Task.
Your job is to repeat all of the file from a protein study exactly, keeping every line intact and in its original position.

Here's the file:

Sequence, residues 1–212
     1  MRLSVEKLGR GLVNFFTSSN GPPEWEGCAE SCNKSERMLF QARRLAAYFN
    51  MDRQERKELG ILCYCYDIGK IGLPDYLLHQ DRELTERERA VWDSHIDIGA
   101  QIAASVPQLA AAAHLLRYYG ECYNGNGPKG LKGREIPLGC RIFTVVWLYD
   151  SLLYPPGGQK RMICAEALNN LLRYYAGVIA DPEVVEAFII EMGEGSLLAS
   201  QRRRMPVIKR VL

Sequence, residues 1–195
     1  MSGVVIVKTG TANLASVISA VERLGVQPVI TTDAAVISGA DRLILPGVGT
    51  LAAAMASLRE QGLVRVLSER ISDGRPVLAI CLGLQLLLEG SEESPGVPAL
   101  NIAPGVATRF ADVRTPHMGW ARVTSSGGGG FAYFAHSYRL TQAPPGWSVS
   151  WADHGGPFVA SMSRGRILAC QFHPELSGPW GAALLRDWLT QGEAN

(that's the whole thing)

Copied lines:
Sequence, residues 1–212
     1  MRLSVEKLGR GLVNFFTSSN GPPEWEGCAE SCNKSERMLF QARRLAAYFN
    51  MDRQERKELG ILCYCYDIGK IGLPDYLLHQ DRELTERERA VWDSHIDIGA
   101  QIAASVPQLA AAAHLLRYYG ECYNGNGPKG LKGREIPLGC RIFTVVWLYD
   151  SLLYPPGGQK RMICAEALNN LLRYYAGVIA DPEVVEAFII EMGEGSLLAS
   201  QRRRMPVIKR VL

Sequence, residues 1–195
     1  MSGVVIVKTG TANLASVISA VERLGVQPVI TTDAAVISGA DRLILPGVGT
    51  LAAAMASLRE QGLVRVLSER ISDGRPVLAI CLGLQLLLEG SEESPGVPAL
   101  NIAPGVATRF ADVRTPHMGW ARVTSSGGGG FAYFAHSYRL TQAPPGWSVS
   151  WADHGGPFVA SMSRGRILAC QFHPELSGPW GAALLRDWLT QGEAN